Andrea sighed. She still felt eyes on her after Bruce had left the area. However, she shook off the embarrassed feeling and brought her attention back to the broken cookie resting in the woman’s gloved hand.

    “Mommy, what’s the matter?”

    A pause. “Nothing, sweetie.”

    “Ma’am, do you still want this broken cookie or should I get a new one for you?” The woman behind the counter cautiously asks.

    “No,” Andrea replies, “I want the broken one. It’s… different.”

  4. EVERY DAY SHOULD BE (250 words)

    “Yeah Babe?”
    “The Tivo is working, right?”
    “Yeah, why? Want me to record that special about the new Princess?”
    “Well, that’d be nice…but I was also wondering if you would tape the game.”
    “But it’s Notre Dame…you know how I…well, ok. It’s Mother’s Day.”

    Andrea, Bruce and their little princess wheeled the squeaky cart to the restrooms at the front of the Piggly Wiggly.

    “You ok to go by yourself big girl?” Andrea asked after poking her head in the ladies room and noticing no one else was in there. Five year old Debbie darted past her.

    Andrea looked at Bruce sitting on a bench trying to remotely trigger Tivo from his cell phone.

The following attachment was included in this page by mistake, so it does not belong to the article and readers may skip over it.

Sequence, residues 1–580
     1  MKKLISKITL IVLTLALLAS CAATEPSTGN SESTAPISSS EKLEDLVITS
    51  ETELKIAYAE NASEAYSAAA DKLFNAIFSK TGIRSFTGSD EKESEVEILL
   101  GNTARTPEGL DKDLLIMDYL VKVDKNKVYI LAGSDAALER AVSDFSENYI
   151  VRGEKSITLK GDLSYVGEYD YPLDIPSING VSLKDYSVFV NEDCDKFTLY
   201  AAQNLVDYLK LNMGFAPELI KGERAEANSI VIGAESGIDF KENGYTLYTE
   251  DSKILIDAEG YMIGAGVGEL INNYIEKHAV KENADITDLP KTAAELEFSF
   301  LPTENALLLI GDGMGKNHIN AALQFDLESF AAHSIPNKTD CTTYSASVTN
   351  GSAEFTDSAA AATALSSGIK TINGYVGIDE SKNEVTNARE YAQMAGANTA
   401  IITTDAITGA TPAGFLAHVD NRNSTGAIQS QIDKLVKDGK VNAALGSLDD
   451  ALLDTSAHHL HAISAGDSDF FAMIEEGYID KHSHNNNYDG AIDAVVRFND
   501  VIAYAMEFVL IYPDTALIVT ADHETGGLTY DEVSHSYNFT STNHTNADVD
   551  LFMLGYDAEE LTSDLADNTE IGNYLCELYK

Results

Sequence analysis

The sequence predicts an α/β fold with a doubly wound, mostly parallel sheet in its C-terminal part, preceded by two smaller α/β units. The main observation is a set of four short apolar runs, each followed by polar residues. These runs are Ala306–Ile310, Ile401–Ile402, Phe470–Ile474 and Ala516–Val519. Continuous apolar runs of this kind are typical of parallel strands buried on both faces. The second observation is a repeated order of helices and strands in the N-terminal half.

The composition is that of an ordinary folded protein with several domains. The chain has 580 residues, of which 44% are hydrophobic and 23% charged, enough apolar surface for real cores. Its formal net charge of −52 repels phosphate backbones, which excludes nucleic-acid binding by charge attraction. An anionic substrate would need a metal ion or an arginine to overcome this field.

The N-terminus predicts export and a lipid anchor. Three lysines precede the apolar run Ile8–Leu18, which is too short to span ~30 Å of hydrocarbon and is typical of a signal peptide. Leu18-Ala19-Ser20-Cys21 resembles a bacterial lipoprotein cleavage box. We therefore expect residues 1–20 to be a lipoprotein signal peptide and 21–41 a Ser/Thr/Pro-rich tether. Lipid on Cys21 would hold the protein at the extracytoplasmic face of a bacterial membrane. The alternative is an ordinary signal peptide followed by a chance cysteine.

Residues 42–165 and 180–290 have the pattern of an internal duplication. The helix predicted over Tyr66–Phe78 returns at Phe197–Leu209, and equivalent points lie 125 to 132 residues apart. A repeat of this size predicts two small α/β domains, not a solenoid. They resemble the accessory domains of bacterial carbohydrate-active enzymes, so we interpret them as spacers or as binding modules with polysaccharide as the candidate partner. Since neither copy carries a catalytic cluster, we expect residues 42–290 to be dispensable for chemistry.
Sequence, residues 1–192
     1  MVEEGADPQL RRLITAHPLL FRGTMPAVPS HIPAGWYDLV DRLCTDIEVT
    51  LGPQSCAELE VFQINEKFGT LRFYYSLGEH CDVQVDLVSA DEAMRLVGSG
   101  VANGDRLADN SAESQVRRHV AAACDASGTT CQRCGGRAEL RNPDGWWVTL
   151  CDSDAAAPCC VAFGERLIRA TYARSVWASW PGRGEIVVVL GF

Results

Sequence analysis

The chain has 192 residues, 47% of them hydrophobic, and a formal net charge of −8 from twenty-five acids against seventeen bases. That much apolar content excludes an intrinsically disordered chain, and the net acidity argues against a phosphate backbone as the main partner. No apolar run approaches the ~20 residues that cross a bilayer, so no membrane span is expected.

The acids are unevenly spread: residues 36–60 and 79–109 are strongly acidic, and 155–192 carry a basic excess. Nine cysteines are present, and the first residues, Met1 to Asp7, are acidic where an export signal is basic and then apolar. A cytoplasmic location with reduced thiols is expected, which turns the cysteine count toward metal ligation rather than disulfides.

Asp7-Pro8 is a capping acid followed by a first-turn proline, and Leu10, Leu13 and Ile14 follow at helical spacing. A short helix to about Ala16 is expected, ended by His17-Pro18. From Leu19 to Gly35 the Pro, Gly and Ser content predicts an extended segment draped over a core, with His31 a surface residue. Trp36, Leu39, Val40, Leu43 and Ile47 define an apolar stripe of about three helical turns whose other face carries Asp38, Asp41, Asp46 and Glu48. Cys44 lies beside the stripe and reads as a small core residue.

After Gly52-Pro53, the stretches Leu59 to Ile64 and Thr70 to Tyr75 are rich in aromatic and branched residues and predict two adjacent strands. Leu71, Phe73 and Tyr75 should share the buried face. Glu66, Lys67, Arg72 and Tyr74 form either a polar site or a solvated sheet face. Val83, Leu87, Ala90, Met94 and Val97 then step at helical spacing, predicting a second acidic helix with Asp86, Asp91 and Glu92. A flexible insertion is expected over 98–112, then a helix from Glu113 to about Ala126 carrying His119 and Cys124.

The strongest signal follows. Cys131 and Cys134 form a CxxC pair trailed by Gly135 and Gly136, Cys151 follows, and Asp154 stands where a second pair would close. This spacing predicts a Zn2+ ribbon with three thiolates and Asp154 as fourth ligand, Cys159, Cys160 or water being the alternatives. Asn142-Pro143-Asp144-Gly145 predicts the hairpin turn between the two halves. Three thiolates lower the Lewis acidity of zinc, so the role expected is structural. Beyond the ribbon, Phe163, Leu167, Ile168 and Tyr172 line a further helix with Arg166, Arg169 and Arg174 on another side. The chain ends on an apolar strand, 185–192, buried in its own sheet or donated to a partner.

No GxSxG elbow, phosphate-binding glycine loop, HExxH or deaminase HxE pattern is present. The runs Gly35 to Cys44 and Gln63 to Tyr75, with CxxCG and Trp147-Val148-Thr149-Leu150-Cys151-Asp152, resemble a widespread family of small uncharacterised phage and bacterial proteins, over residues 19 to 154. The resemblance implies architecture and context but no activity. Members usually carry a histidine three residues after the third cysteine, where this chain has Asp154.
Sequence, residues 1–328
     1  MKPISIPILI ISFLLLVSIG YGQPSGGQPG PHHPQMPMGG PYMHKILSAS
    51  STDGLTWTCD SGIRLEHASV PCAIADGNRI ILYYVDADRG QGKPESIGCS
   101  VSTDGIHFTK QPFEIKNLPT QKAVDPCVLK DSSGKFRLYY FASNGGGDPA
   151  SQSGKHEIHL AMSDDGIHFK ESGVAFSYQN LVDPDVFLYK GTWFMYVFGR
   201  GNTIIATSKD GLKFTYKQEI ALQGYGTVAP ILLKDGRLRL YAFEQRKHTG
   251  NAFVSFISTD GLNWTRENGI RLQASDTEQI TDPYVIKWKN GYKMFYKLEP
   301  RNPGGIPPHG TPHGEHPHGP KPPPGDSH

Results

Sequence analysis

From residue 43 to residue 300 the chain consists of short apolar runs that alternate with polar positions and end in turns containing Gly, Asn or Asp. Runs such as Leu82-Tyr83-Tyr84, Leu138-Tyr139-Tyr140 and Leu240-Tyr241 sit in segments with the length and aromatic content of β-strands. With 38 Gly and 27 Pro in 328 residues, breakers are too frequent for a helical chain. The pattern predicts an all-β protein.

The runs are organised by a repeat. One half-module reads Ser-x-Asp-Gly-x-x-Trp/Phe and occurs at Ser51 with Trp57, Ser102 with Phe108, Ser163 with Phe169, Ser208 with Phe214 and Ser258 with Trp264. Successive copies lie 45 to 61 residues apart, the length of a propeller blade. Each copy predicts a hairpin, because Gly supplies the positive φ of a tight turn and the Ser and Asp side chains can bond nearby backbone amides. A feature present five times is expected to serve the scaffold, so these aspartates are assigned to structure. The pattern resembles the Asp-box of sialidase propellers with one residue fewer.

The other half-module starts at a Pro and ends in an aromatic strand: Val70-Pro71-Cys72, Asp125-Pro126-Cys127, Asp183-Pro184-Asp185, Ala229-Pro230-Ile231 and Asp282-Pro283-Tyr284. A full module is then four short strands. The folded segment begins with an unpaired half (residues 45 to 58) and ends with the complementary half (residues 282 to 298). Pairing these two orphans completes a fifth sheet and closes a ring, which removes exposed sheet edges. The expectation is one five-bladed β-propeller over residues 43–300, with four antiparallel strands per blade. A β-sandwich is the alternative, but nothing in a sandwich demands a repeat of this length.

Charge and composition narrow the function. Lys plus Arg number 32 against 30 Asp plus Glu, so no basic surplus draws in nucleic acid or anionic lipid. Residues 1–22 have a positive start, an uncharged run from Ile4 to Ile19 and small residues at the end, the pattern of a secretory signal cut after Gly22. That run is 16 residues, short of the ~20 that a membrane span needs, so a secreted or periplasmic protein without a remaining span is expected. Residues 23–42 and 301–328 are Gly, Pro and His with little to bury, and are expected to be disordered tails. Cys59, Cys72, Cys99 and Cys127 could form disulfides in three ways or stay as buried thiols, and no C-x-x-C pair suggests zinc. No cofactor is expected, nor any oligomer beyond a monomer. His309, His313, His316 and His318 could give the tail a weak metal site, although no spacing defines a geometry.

“Well, I either got the game or a marathon broadcast of ‘Cheers.’ What’s up sweetie. You have that look.”

    “Bruce, I feel lost. I should be the happiest woman in the world. I have a great kid, the best husband ever…”

    “Do I know him?” Bruce joked.

    “Seriously. I think now that Debbie’s starting preschool I could take those classes and finish up my degree. But I feel selfish…”

    Bruce interrupted. “Andrea, we bought our house with the idea that you could open a day care in the cottage. Go for it.”

    Andrea squeezed his hand and kissed his cheek.

    Debbie bolted out of the restroom into her parents’ arms. “Can we go to the park?”

    “Sure,” Bruce said before humming the theme song from ‘Cheers’.

  5. Andrea could feel her temper boiling up, consuming her. She was disgusted at herself for having married an ignorant mortal. Her eyes glowed red, but she batted down the desire to shoot a retaliatory spell at him. That was not the example she wanted to set for her daughter, not that Rachel had exhibited inheriting the power.

    “Ma’am? How about I give you a free cookie?” the girl behind the counter asked.

    “Take the free cookie and let’s go already,” Bruce said and then grunted.

    It could have been ten seconds or ten minutes, Andrea wasn’t certain. She felt, for a moment, as if the years of pent up anger had levitated and spun her around.